Hyperbaric medicine is the practice of giving oxygen intermittingly within a pressurized chamber. Since the 17th century, hyperbaric medicine has undergone many changes as scientists figured how it worked and who it would most benefit. Although it is being used as part of the treatment for many diseases such as stroke, cerebral palsy and autism, there is not conclusive evidence of its effectiveness in those illnesses. Currently, the modern indications for hyperbaric oxygen therapy include decompression sickness (the “bends”), carbon monoxide poisoning and acute severe blood loss. Wounds that may also benefit from hyperbaric oxygen include gas gangrene, radiation injury due to cancer treatment and hard to heal wounds like diabetic foot ulcers.

The way hyperbaric oxygen works is by delivering the oxygen through inhalation to the area of concern at the cellular level. When a diver has the bends, he or she has retained too much carbon dioxide (CO2) gas and the extra oxygen helps to drive it out of the tissues. In the case of wound healing, the rate normal wounds heal is oxygen dependent. Factors that delay wounds to heal include recurrent trauma, infection and decreased blood flow. It is not enough to have only the wound surrounded by oxygen.  Because the oxygen is inhaled, it is important for the heart and lungs to work so that the oxygen can be delivered effectively. As a result, the orderly sequence of steps is needed for normal healing to occur.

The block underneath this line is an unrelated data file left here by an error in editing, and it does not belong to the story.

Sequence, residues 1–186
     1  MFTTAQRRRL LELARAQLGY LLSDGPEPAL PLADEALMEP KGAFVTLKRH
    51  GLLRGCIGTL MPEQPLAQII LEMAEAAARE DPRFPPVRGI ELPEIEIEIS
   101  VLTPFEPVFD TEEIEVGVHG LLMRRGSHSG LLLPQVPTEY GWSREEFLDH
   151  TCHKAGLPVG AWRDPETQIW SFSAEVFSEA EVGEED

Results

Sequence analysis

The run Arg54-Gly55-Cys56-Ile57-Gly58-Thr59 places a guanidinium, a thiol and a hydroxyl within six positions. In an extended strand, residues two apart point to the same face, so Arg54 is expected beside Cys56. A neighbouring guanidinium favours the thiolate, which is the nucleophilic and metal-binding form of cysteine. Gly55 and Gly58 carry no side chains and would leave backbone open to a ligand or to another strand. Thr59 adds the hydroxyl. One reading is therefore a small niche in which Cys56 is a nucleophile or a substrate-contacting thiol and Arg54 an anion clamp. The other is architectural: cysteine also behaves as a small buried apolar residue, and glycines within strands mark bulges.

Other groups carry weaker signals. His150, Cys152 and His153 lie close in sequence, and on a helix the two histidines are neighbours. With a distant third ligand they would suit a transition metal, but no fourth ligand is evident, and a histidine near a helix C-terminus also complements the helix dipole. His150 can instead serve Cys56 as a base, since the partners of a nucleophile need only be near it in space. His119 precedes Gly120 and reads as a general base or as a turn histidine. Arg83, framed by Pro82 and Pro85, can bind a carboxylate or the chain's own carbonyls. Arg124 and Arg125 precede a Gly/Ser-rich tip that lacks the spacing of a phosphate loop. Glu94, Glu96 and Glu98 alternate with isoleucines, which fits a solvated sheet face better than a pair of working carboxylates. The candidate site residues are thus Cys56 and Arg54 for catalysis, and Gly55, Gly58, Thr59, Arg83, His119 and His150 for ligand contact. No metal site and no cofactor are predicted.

Most people tolerate the treatment well and just need to be able to stay within an enclosed chamber and be able to clear their ears. Absolute contraindications to hyperbaric oxygen therapy include untreated pneumothorax (collapsed lung), current radiation treatment for cancer and past exposure to Adriamycin (chemotherapy for breast cancer).

The following may increase risk for side effects:

  • Congestive heart failure or any heart disease
  • Emphysema or any lung problems
  • Seizures (convulsions)
  • Eye problems like optic neuritis or retinal detachment
  • Ear implants
  • Upper respiratory illness (a cold)
  • Fever over 100F
  • Diabetics

Side effects that may occur due to oxygen toxicity include:

  • Nausea, vomiting
  • Heart rate changes
  • Hallucinations
  • Dizziness
  • Feeling pale and sweaty
  • Twitches
  • Anxiety and depression
  • Ringing in the ears
  • Fainting
  • Convulsions

Treatment protocols depend on the reason for the use of hyperbaric oxygen therapy.  There is solid evidence in the treatment of carbon monoxide poisoning, the bends and gas gangrene. In regards to other specific disease process, the protocols used to treat are based on avoidance of oxygen toxicity. Thus, more data is needed to fully integrate hyperbaric oxygen as part of standard therapy for its broad range of uses.